Wednesday, December 31, 2014

Auto Glass District

I'm not the first person to call Mission Road between Marengo and Cesar Chavez the auto glass district.  Eric Brightwell put it on a map of L.A.'s Eastside.

In 2003, the L.A.Times called it the Windshield District in this article.

It is a land of giants and hand-painted signs.


More windshields than I would ever want to photograph--

Pictures of car parts--

A key shop, too

Behind the giant--

 All blessed by La Virgen de Guadalupe-

Only two buildings seem to have any kind of permanence--

 This sweet little deco building at 995, built in 1932, hidden behind the street trees, iron fence, light poles and signs.  Imagine it with a welcoming entrance.  It could be pleasant little office.  I wonder what it was in earlier days.

On Mission and Cesar Chavez Ave. is San Luis Auto Glass, built by Jose Arellano the street's "Godfather of Glass."  Arellano started in 1974 by renting a stall on Mission Rd. In 1985 he bought a gas station and junkyard. Eight years later, he had this warehouse built there.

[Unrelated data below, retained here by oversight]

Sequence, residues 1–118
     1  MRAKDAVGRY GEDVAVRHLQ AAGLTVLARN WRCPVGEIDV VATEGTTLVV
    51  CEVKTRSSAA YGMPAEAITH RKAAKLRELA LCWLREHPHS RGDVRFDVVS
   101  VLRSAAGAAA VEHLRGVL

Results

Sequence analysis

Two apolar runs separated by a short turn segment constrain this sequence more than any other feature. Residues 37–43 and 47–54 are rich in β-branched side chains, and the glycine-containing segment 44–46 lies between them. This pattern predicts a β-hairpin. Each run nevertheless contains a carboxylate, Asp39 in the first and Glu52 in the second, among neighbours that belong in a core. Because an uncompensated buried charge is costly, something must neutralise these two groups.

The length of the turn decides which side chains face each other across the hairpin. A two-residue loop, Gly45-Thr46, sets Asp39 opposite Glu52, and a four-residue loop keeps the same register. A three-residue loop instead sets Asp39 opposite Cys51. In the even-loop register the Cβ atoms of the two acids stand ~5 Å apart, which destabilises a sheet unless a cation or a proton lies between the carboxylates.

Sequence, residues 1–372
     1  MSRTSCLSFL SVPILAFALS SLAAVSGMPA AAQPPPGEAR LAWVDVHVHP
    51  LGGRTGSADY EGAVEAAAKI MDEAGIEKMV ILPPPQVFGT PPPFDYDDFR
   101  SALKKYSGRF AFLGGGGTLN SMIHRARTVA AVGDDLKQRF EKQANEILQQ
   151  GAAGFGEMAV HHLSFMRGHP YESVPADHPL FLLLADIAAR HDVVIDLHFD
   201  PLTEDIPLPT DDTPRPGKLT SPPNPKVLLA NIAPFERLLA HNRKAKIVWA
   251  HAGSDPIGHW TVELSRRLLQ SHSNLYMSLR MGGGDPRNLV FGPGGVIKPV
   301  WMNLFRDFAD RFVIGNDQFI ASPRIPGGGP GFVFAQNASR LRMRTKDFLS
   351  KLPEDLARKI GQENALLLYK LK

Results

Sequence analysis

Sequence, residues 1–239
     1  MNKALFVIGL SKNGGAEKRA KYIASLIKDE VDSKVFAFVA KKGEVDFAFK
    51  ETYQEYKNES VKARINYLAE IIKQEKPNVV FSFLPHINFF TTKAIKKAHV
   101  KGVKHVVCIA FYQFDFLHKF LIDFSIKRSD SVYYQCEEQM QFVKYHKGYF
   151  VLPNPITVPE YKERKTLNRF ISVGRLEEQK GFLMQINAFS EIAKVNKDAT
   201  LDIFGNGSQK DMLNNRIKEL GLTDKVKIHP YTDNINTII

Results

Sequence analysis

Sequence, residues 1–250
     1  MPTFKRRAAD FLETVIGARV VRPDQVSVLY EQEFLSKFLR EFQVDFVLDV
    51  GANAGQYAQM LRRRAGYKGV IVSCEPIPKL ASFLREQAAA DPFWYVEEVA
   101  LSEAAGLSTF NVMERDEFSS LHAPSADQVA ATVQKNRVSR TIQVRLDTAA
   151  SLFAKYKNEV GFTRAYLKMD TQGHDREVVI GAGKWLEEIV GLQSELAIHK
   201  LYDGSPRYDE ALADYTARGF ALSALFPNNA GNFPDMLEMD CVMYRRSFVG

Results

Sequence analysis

Here's the closest I got to an aerial view, from a steep hill I managed to climb.

 West of Mission Rd. it the Union Pacific Los Angeles Trailer and Container Intermodal Facility (LATC) site, popularly known as the Piggyback Yard. Beyond that is the L.A. River.  Lewis McAdams of FoLAR has envisioned this yard as an important part of River Revitalization, and it was included in the Army Corps of Engineers Alternative 20 for their work with the river.  Now there's a snag in the plan.  Union Pacific Railroad wants too much money for the property. When I imagine this as parkland, as the renderings show it, I see great opportunity for developers to buy up all the land the auto glass district occupies to build fancy apartments and condominiums, like the ones going up downtown.  

In the meantime, someone is keeping chickens on the bank above it.


  1. A really great profile of the area.

  2. Thank you. I've been loving your photographs of it.